Friday, June 01, 2012

Two Types of Cognitive Empathy

"I want to point out that the definition of cognitive empathy being used in Baron-Cohen and Wheelwright’s paper is quite different from the one that I have been using for some time. In my understanding, cognitive empathy has to do with being able to read nonverbal cues (body language, facial expressions, the expressions in the eyes, and so on) in order to intuitively “tune in” to what another person is thinking or feeling. I have not been using it simply to cover being able to see things from another person’s perspective or to understand the other person’s mental state."
Rachel Cohen-Rottenburg - A Critique of the Empathy Quotient (EQ) Test

This quote made me think of something I've sort of been implicitly aware of, but not explicitly verbalized. The ability to read nonverbal cues, and the ability to mentally represent another person's perspective are actually conceptually distinct abilities, even though they are both common difficulties among autistic people.

Rachel goes on to say that she has difficulty reading nonverbal cues, but doesn't see herself as having difficulty imagining another person's perspective. I'm the same way. In fact, as a creative writer, my guess is that I'm, if anything, better than average at imagining other perspectives - much of my fiction requires that ability in spades. The psychology degree I'm working on also requires that skill. At the same time, I have mild, but significant, difficulty reading nonverbal cues.

Which raises the question - how many people have trouble with one skill but not the other? It's a well-known finding that most older higher functioning autistics pass first-order, and usually second-order, theory of mind tests.The usual interpretation is that autistics have a developmental delay in theory of mind, and if this delay is mild, they will eventually get it. But what if a subset of autistics have no delay in theory of mind at all? Maybe in some cases the social difficulties in autism result solely from nonverbal communication problems, with no higher-order cognitive deficit involved.

Another group who often show delayed theory of mind are deaf people. Typically, Deaf of Deaf have no delays in this skill. Deaf people raised by hearing people but exposed to signing at a young age show a delay of a year or two, oral deaf show more serious delays, and deaf who were first exposed to any language at a late age show severe delays or may never learn theory of mind. Some people have criticized this research by pointing out that standard theory of mind tests are linguistically complex and may be failed simply based on language problems, and indeed deaf people tend to do better on less verbal forms of the tests, but they still show this pattern. In contrast, most deaf people, regardless of language exposure, are acutely aware and responsive to nonverbal cues, supporting a dissociation between the two skills.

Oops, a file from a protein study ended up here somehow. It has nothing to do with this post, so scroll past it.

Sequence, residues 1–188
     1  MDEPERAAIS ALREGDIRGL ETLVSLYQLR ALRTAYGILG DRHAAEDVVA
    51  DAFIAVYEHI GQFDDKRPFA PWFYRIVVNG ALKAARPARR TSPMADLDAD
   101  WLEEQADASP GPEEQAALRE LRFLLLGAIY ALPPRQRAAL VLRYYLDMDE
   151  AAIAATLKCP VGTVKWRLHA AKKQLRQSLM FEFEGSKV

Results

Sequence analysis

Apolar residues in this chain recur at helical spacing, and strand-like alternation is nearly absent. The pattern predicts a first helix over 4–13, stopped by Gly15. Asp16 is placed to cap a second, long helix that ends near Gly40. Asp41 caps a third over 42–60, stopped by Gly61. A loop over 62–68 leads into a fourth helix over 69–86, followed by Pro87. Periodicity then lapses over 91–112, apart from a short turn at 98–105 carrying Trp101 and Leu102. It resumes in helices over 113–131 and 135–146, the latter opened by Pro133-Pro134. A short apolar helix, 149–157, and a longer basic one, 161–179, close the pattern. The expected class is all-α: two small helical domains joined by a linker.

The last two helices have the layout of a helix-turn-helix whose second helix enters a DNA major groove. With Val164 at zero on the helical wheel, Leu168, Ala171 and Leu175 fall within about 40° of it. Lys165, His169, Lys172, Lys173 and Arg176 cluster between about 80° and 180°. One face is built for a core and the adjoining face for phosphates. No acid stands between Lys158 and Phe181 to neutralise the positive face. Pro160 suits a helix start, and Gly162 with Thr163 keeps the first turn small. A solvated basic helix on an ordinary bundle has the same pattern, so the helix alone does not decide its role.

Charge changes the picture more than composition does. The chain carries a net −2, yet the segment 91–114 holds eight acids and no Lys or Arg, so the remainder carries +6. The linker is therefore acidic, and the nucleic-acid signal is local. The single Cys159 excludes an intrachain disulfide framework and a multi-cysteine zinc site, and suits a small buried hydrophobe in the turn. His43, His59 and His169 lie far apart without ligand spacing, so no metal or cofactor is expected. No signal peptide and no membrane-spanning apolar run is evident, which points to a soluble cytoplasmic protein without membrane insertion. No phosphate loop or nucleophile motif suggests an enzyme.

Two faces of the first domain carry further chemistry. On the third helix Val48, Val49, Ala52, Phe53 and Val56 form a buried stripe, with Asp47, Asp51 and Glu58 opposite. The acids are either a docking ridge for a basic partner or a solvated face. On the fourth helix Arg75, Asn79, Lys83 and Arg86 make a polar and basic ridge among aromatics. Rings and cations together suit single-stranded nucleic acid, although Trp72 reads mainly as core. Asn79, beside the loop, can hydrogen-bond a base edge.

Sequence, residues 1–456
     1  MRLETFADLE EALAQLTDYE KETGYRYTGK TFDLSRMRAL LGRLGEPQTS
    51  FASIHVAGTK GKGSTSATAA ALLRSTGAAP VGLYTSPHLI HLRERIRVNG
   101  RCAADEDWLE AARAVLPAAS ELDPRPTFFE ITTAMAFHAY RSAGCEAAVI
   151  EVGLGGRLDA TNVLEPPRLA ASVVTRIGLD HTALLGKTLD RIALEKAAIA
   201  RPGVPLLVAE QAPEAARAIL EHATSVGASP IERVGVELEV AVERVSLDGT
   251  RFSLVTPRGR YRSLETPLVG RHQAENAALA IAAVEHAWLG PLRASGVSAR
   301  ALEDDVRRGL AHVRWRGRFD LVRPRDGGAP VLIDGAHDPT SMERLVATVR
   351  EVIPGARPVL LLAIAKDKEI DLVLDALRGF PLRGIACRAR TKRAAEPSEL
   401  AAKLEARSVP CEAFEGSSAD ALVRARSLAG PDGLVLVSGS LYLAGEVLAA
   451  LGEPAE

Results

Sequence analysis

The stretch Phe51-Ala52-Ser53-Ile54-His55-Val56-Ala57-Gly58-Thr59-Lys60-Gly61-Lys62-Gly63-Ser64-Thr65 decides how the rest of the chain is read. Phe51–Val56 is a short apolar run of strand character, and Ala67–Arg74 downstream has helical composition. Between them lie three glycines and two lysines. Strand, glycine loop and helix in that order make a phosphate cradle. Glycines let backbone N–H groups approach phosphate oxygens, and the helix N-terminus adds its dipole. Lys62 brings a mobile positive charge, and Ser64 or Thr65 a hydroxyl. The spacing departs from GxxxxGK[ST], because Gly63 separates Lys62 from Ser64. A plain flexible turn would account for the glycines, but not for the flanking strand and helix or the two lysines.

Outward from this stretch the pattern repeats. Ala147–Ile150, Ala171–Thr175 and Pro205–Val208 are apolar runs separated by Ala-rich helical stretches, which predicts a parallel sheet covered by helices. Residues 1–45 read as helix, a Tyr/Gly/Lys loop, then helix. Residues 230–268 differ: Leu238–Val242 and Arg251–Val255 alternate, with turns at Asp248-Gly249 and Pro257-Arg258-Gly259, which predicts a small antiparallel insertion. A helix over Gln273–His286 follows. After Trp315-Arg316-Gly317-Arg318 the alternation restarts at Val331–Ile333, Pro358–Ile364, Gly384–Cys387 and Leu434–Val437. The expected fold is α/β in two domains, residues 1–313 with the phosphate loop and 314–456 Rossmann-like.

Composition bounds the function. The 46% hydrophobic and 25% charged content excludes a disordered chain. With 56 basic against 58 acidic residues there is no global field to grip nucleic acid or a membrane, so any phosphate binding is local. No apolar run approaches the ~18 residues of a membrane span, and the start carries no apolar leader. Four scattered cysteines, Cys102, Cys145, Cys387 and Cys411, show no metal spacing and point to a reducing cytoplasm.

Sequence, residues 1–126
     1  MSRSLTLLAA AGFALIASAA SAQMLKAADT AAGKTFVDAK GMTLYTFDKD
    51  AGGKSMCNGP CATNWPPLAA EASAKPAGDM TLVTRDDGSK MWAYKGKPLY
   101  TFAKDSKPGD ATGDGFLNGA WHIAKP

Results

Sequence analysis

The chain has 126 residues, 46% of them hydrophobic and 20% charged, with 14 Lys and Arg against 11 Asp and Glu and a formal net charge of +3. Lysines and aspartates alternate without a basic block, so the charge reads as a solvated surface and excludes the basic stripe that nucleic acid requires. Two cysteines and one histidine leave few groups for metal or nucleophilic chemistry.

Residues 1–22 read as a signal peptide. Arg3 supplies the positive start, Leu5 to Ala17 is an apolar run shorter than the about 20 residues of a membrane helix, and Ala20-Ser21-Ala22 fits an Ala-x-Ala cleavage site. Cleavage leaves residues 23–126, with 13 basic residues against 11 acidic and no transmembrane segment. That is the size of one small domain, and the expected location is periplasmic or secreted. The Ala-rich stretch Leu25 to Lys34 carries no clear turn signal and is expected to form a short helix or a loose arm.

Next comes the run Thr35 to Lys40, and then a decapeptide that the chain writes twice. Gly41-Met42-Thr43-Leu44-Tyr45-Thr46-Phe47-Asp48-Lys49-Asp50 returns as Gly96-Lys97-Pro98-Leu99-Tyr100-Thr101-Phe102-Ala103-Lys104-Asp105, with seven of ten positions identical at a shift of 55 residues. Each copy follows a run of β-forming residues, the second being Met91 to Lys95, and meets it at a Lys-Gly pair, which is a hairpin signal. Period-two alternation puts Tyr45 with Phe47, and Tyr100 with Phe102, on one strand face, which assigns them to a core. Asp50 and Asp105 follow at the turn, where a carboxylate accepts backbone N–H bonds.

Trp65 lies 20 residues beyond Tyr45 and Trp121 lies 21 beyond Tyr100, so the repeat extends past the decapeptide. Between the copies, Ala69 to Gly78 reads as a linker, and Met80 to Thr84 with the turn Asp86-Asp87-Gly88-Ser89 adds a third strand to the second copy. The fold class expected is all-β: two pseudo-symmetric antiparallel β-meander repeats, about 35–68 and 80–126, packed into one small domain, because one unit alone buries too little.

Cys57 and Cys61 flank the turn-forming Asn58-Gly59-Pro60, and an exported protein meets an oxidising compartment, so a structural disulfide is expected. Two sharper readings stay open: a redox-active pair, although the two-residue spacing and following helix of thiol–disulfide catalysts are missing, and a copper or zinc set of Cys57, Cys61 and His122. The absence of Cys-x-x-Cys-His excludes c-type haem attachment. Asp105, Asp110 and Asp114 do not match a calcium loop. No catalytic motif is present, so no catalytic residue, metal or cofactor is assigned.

But yet, they're still correlated. The majority of autistic people show some degree of difficulty in both theory of mind and understanding nonverbal cues. So why are they linked?

The research on deaf people suggests an explanation: communication problems, in the absence of any cognitive impairment, can be enough to produce delays in theory of mind. How best to learn how other minds work than to hear it from the source? Information relevant for theory of mind can be readily accessed by verbal cues (eg Anne saying 'I think my ball is in the basket' when the child saw Sally move it to the box). It can also be accessed by nonverbal cues, such as Anne looking surprised when she checks the basket and finds nothing there.

Maybe in some cases, a severe difficulty reading nonverbal cues can, like a linguistically deprived environment, result in theory of mind issues simply because the child finds it difficult to gather enough information about how other people see the world.

Furthermore, if these are distinct skills, then what would be some higher-level theory of mind tests, more suitable for adults with mild difficulties? Maybe ask the person to try to get into the head of a person with a very different perspective to theirs - for example, can they imagine what it would be like to live in the 1600s? Or to portray the viewpoint of someone who disagrees with them on a strongly-held belief, like asking me to put myself in the head of a pro-choice person, or a homophobic person. Research should be done into how these abilities relate to autism, to verbal and nonverbal communication skills, and to the standard theory of mind tests.

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